It’s important not to overload yourself. Once I finish this post, everything on that list will be 50% complete and it’s only Sunday! But I have no idea how the rest of my week is going to pan out. Life happens. Leave room for it. You might have to work late one evening, or have a sick family member, or have to pick your kid up from his overnight stay in jail for an underage DUI…there’s no telling! You can always add more if you finish everything early. Keep it simple. Don’t hold yourself to doing a certain thing on Tuesday because let’s be honest, Tuesday might be shit.

5. Read In-Progress FanFiction.

This one might sound a little strange but I swear it works! I am not ashamed to admit that I’m a huge fan of FanFiction. And there is nothing more exciting than reading a work in-progress and seeing that “new chapter” notification show up in your email inbox. Recently, I’ve been reading a dark and graphic Harry Potter FanFiction called “Not the Same Girl” by Emmaficready.

The author does a good job of making things worse and worse for the main character in every chapter. So why is it motivating? The author also posts a new chapter about twice a week. Though the chapters are never long, they always progress the story. It’s a great way of seeing that sticking with a story, chapter by chapter, turns it into a novel-length tale. It helps remind me that I don’t have to create Rome in a day. I can work with smaller scenes to construct a larger story. So thank you to Emmaficready and other Fanfiction authors who update regularly!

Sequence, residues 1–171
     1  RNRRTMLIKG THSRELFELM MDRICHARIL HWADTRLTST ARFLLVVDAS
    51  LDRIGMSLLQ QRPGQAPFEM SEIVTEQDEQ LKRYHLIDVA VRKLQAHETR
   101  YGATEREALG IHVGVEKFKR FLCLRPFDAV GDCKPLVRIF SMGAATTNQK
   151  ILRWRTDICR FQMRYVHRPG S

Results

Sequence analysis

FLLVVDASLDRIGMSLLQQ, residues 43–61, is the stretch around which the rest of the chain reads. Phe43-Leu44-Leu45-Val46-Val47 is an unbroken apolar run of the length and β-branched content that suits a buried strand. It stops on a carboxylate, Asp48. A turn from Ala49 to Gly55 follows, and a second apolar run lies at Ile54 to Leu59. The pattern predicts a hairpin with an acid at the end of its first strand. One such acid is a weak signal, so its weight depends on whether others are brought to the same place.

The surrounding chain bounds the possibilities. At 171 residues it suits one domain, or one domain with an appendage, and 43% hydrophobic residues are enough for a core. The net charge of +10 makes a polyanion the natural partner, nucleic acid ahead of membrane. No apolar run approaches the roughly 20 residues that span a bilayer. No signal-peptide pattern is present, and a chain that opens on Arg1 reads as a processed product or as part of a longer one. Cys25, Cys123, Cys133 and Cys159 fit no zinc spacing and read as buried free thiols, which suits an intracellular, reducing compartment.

6. Remember Your “Why”

Which brings me to my last point. As I mentioned earlier in the “Patreon” section above, at the moment of writing this post I have 518 blog subscribers and two patrons on my Patreon account. If you’re writing for the sole purpose of becoming rich and famous, you’re in the wrong business. Writers are in this for the story telling. Think about why you want to create. How are you adding value? Today’s society is saturated with advertisements that constantly tell people where and how they should spend their hard-earned money. What makes your work so special?